If cinema fans found out nearly twenty years ago that there was something about Mary, then political fans are learning right now that there’s also something about John Kasich. Among a plethora of items on the topic of all things Kasich, a big something to know about King John is his use of language, be it misleading, incendiary, or metaphorical.

On the morning after his distant second-place finish behind Donald Trump in New Hampshire’s first-in-the-nation primary, the part-time Ohio governor and sometime Granite State resident couldn’t avoid dropping yet another oblique reference to his shimmering persona and electoral success. “Light can overcome the darkness in a political campaign,” he exclaimed hours after the polls closed in a Today Show interview.

Right. He’s all about light. Sure.

Kasich also does speak frequently about the absence of light. Not everyone is like him, to be sure, out in the sunshine, in the spotlight, talking about light. No, he tells us, there’s another condition, or maybe two.

He pivots and mulls about darkness. And shadows. “[W]e have to reach out to people who live in the shadows,” he tells interviewers. “I don’t know that everybody gets it.”

Well maybe we don’t. So then let’s journey beyond the Kasich rhetoric to discover the authentic world of Kasich reality.

If the governor feels that light can overcome darkness, that some people live in the shadows, why is it that he who controls the levers of government does such a great job promoting and creating darkness in state government and keeping some aspects of government in the shadows?

The two best examples of Kasich’s rhetoric about light overcoming darkness are the sad reality of JobsOhio and his track record of encouraging the growth of privately operated “public” charter schools. With the former, (Wrecking) Crew Kasich took what was a transparent state agency and hid it behind an opaque wall of dark glass formed by the profits from and the accretion of discarded whiskey and wine bottles, impenetrable by light. “As a private, nonprofit entity, we are very accountable for our actions,” said a JobsOhio spokeswoman a few years back, but she nevertheless declined to discuss the specific salaries of top management.

Got it. Private. Nonprofit. Transparent. But accountable due to funds from state liquor profits. Sure.

And then there’s the sorry situation with the state’s charter schools, where these publicly funded and privately operated entities receive generous public tax dollars diverted from public school districts but nevertheless operate in the shadows. The operators, lobbyists, and apologists for charterdom are constantly campaigning for increased state funding while they resist attempts for increased transparency and accountability. And if those liquor and wine bottles provide opaqueness and cover for JobsOhio, can it be that light also may never fully penetrate the charter industry – an enterprise which touts its for-profit and private nature while its out-of-state management companies operate in the shadows, free from full public scrutiny?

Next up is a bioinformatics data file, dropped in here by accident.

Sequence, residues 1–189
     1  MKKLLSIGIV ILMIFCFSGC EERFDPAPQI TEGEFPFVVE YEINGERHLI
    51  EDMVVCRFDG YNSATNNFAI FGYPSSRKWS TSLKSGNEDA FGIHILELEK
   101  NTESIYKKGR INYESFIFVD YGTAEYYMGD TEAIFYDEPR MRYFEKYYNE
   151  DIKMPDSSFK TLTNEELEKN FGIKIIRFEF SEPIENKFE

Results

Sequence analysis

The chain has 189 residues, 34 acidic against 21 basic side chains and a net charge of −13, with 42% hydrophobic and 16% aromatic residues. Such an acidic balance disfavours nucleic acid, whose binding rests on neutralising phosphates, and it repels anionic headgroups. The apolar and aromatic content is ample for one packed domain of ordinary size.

If John Kasich likes to create campaign metaphors and images through the use of contrasting words like light, darkness, and shadows, the public needs to weigh the governor’s national campaign rhetoric with Ohio state government reality and call him on his basic hypocrisy.

Or maybe it’s not hypocrisy.

Maybe it’s something else that’s not about Mary but very much about Kasich. Could it be something like projection? Yes, projection, the psychological theory where someone might talk about undesirable situations or traits in others which may in fact be the same factors or traits in one’s own personality. When you continuously comment on light, darkness, and shadows, maybe there’s a need to examine why someone who talks about light, darkness, and shadows all the time in fact supports public policy that is the antithesis of what he’s saying.

By definition, private non-profit agencies (JobsOhio) that are created for the purpose of operating outside the bounds of regulations that would otherwise make them transparent do not meet the test of being models of light and public scrutiny. In the same vein, privately operated for-profit charter schools operate in the shadows, as their companies do not normally disclose salary or what we used to think of as “public” information. As an example, several years ago, when I worked in the Ohio Department of Education’s charter school office, I called a charter school to request certain information that was thought to be important in addressing a complaint our public agency had received. “That information is proprietary” was the curt answer I was given. How Prussian a response, I thought at the time.

Proprietary, the antithesis of the meaning of the word public, sounds like a term that came from the shadows, from the Dark Side, a descriptor many use to characterize the charter school industry.

So the more we think about the term privatization, it really is the polar opposite of public, viz., operating in the open – or in the light and not the shadows or darkness. But that can’t be right – or is Kasich in a projection state or delving in crass hypocrisy when he forms those descriptors? Light. Shadows. Darkness. What, pray tell, is this something about Mary, er Kasich? Projection? Hypocrisy? What?

And then there’s proprietary information kept by a “public” school. All this is confusing in an election year, isn’t it?

“You campaign in poetry, you govern in prose,” Mario Cuomo reminded us several decades ago. Whatever you make of John Kasich’s use of the words light, shadows, and darkness, it’s certainly not poetry. And in analyzing any other preexisting conditions about the governor, I’ll leave it to the prose – er, the professionals – to provide the proper diagnosis. And so it goes.


Denis Smith is a retired school administrator and a former consultant in the Ohio Department of Education’s charter school office.